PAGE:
Builders call for re-write saying legal text contains commitments way beyond original pledge
Major housebuilders have told the government they will refuse to sign the contract drawn up by officials to make their £2bn cladding pledge a reality unless it is radically re-drafted.
The draft legal contract, published by the Department for Levelling Up, Housing and Communities (DLUHC) last month, is designed to bring legal force to a heads of terms pledge, agreed with the department in late March and now signed by a total of 48 developers, to repair fire safety issues on all buildings going back 30 years, without public funding.
Housing Today has independently confirmed newspaper reports at the weekend that the Home Builders Federation (HBF) has written to DLUHC, warning that the contract is “impossible to sign” in its “current format”.
The Sunday Times said the letter, from HBF managing director Neil Jefferson, states the commitments in the contract go “well beyond” the pledge agreed last year.
The HBF declined to comment on the record on the specifics of the letter or state a public position on the contract. However, an HBF insider said that “the contract in its current form is just not possible to for any firm sign”.
Housebuilders are understood to be unhappy with the wording of the draft legal document, which was published for consultation until August 10, because they feel it opens the door for the current building owners to demand works which amount to “betterment” of the property, beyond simply fixing the fire safety issue.
Housebuilders also claim the text gives the government opportunity to re-write the agreement at any time once builders have signed, and makes builders responsible for arranging and paying for Fire Risk Assessments, something that was previously assumed to be the building owners’ responsibility.
According to statements made by firms to have signed up to the pledge, the aggregate cost of committing to the scheme for the industry is at least £2bn.
In response to the letter, the new housing secretary Greg Clark (pictured, left) told the Sunday Times that while developers were being consulted on the text, he was not prepared to water down the fundamental requirements of the pledge and they would be expected to sign the contracts within weeks.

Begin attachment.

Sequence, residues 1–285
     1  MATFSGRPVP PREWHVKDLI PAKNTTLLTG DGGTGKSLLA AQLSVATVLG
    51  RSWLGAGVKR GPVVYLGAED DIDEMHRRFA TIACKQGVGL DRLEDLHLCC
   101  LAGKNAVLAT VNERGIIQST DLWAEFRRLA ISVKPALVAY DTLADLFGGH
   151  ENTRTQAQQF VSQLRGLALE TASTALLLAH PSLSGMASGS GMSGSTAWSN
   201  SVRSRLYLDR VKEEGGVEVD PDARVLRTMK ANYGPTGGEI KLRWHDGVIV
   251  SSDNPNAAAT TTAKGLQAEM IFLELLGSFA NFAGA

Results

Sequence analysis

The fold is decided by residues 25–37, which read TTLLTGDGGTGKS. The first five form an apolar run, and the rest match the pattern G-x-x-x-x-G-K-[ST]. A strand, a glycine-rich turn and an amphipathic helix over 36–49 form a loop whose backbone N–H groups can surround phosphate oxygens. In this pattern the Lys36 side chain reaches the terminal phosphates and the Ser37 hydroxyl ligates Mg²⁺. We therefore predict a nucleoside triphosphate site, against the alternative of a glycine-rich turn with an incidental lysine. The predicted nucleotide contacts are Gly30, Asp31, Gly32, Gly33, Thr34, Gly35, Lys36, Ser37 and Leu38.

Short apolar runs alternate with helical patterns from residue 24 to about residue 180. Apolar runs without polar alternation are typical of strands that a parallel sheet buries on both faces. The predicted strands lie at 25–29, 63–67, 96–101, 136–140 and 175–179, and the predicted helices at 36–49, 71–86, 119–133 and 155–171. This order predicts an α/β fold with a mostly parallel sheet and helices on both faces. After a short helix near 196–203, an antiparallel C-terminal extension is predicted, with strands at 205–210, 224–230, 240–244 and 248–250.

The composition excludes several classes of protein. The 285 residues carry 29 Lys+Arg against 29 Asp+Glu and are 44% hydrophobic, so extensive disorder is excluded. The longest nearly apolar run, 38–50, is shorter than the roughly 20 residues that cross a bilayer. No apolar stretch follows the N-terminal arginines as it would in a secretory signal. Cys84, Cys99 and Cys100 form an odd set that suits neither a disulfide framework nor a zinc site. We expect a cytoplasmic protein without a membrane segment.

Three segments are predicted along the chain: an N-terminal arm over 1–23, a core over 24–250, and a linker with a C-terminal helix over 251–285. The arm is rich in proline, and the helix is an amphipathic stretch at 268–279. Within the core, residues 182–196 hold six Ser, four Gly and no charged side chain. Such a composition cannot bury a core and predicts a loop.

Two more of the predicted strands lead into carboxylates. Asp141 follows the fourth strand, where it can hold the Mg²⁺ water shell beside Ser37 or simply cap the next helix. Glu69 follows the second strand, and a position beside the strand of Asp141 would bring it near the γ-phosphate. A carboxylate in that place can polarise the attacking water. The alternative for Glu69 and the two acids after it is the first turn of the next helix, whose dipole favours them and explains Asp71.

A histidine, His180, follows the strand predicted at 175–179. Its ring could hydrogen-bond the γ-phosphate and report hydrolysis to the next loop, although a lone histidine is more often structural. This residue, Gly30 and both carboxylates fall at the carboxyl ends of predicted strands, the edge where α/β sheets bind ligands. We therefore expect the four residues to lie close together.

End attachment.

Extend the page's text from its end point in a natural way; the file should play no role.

He said: “It is high time the developers’ pledges are turned into action. There is unanimity in government and in parliament that leaseholders must be protected and now is the time for developers to fulfil their promises.”
The signing of the pledge followed moves made by Clark’s predecessor Michael Gove to bring in powers under the Building Safety Act to ban individual housebuilders from trading if they don’t comply with stipulations around fire safety schemes.
Clark added: “We will make full use of the powers that parliament has given us so that there can be not an inch of backsliding on commitments given.”
A spokesperson for the HBF said: “The pledge signed by UK builders demonstrates that our industry is committed to playing its part, ensuring leaseholders don’t pay for work needed to make buildings safe.
“Signatories will carry out any necessary remediation on their own buildings and continue to pay the £300m per year to finance the Building Safety Fund for ‘orphaned buildings’.”
In June Housing Today launched its Fair Deal for Housing campaign, designed to ensure the government commits to the policies necessary to support the industry to deliver ithe government’s manifesto pledge of 300,000 new homes a year. As part of this, Housing Today has identified the need for the government to find ways of ensuring that other parts of the industry, such as product manufacturers and overseas-based developers, also contribute to paying for cleaning up a fire safety problem which the whole industry is responsible for.
A Fair Deal for Housing
Housing Today believes the government should not back away from its manifesto pledge of building 300,000 new homes a year by the middle of the decade. We badly need more homes, and a lack of supply is a major factor in creating problems of affordability for both buyers and renters.
Over the next few months, Housing Today will be exploring potential solutions to help us ramp up housebuilding to 300,000. These are likely to include different ways of working, funding asks of government and policy ideas that could boost housebuilding.
We want to hear from you: what do you think can make a difference at a policy level? What can the industry do better?
We believe that, with the right commitments from ministers and the industry, it is possible to build more homes and help the government to meet its objectives to “build beautiful”, improve quality and safety, boost home ownership and level up the UK.